Loh defends UMD’s response to student illnesses after adenovirus report
Freshman Olivia Paregol (center) with her parents, Ian Paregol (left) and Meg Paregol (right). The University of Maryland student died Nov. 18 after contracting adenovirus (Photo courtesy of Ian Paregol).
By Arya Hodjat and Leah Brennan
Senior staff writers
University of Maryland President Wallace Loh defended the University Health Center in a campuswide email Thursday morning, after the Washington Post reported the center did not notify the family of freshman Olivia Paregol about an adenovirus outbreak until after she was hospitalized.
“We are confident that our actions last fall were appropriate and timely. And, we continue to make improvements to our residence halls to ensure the well-being of current and future students,” Loh wrote.
Paregol, a criminology and criminal justice major, died Nov. 18 from complications of the virus. Health center director David McBride was first notified of the virus’ presence on this university’s campus Nov. 1, according to the Post.
But Paregol’s family wasn’t aware the virus was spreading on campus until Nov. 13, when her father, Ian Paregol, called McBride while his daughter’s condition worsened in the Johns Hopkins Hospital’s intensive care unit, the Post reported.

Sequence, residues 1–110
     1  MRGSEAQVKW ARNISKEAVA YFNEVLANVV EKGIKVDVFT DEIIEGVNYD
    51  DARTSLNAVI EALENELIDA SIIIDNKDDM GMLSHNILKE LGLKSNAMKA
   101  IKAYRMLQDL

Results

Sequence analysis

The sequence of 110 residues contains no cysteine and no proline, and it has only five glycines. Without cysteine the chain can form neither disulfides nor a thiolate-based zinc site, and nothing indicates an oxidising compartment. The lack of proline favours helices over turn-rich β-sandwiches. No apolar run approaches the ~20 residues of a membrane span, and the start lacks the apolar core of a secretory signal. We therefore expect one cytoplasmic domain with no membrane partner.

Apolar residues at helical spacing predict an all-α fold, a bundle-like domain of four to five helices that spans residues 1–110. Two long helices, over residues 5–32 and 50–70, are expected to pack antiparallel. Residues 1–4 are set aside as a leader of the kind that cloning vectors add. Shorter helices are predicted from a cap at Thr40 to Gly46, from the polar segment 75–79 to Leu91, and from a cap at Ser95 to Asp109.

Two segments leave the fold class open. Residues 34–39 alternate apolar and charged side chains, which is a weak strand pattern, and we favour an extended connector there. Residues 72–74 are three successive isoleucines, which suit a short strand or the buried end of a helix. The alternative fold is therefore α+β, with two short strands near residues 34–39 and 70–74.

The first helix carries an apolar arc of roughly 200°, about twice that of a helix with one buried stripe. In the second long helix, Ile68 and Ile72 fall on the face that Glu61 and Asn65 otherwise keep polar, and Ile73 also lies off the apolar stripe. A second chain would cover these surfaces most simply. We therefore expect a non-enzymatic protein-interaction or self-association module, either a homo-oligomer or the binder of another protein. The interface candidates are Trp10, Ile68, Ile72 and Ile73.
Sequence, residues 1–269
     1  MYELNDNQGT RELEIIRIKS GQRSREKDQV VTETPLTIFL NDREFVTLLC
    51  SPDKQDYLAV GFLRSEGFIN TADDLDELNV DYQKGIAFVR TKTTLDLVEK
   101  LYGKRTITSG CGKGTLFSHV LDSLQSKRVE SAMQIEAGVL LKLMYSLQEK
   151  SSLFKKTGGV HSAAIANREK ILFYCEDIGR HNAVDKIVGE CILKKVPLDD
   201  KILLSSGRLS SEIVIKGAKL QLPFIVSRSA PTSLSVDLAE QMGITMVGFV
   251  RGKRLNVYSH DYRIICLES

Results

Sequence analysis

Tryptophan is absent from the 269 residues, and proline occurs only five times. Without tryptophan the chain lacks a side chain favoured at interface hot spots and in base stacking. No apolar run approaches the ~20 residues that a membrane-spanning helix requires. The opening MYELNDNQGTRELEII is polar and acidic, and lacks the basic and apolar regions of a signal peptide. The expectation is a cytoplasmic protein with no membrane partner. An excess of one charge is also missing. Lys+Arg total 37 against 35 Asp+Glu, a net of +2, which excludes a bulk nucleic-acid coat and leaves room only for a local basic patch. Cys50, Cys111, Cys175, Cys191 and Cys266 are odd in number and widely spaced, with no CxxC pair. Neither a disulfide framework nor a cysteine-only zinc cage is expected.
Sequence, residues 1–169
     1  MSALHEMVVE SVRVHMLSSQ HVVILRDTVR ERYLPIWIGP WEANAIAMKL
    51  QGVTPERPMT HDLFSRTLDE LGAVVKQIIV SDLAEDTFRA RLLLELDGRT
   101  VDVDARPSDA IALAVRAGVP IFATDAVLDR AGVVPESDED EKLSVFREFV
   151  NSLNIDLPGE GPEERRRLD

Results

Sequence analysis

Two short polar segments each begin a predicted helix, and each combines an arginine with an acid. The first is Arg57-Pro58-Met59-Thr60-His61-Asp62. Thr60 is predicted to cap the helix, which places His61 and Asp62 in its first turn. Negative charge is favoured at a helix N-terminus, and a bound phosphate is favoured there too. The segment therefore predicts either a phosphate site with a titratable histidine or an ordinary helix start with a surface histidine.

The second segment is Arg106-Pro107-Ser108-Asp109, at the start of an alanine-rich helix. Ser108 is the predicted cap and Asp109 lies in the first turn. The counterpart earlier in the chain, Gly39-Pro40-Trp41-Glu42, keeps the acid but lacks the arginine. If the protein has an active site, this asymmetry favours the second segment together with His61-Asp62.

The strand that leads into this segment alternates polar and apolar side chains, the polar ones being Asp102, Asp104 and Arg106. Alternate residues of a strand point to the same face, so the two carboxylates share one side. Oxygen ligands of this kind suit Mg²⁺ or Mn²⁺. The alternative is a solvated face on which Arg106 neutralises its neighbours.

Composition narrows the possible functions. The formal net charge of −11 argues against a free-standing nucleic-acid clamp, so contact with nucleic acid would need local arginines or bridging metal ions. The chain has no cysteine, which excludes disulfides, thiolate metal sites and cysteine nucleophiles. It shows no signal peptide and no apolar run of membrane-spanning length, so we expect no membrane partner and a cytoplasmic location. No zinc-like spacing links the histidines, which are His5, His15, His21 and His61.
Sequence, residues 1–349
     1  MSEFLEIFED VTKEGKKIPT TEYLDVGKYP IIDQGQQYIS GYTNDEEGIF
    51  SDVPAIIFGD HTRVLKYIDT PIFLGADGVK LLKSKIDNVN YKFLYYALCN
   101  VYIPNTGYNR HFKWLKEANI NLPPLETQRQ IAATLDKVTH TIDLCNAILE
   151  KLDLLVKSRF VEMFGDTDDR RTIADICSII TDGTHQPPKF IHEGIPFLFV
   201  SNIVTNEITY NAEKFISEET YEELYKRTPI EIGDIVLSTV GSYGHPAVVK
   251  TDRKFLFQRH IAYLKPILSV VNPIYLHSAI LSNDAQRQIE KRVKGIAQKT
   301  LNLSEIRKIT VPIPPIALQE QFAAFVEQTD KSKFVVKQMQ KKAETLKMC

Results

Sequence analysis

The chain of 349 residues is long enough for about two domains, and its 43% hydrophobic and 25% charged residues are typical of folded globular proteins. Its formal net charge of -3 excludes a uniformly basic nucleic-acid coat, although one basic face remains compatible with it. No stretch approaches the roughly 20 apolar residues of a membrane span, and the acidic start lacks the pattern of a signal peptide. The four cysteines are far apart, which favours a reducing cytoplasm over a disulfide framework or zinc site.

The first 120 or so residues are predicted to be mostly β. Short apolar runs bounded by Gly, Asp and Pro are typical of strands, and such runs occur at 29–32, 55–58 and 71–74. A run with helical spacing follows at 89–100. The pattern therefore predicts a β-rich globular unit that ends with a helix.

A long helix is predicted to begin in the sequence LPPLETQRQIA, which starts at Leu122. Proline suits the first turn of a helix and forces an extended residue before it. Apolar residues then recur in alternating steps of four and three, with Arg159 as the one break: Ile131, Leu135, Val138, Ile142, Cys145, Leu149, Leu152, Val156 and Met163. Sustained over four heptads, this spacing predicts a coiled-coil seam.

Until that point, doctors had treated her with antibiotics, as if she had bacterial pneumonia — but when Ian received word from McBride that she could have adenovirus, doctors had to change course, the Post reported. They began treating her with an antiviral drug, but her condition didn’t improve. She died five days later.
McBride did not notify the campus’ infectious disease management committee when he first found out about the virus on campus because it was “not currently a reportable condition . . . we were more focused on what we knew at that time,” he told the Post. When medical personnel discover the virus, they’re not bound by law to inform health officials or the public, according to the Post.
“The actions we took are in line with CDC [Centers for Disease Control and Prevention] guidance on adenovirus outbreaks and were consistent with the University’s strong commitment to the health and safety of our students,” McBride told the Post.
Paregol lived in Elkton Hall, one of the dorms hit hardest by a campuswide mold outbreak during the fall semester.
While mold does not cause adenovirus, it can “cause irritation of the respiratory tract and make individuals more susceptible to viral infections in general,” according to the health center’s website. The university has denied a link between the two.
In the months following Paregol’s death, the university underwent campuswide cleaning over winter break to combat adenovirus. About 600 rooms opted out of the cleanings of the roughly 4,600 rooms in on-campus dorms and apartments.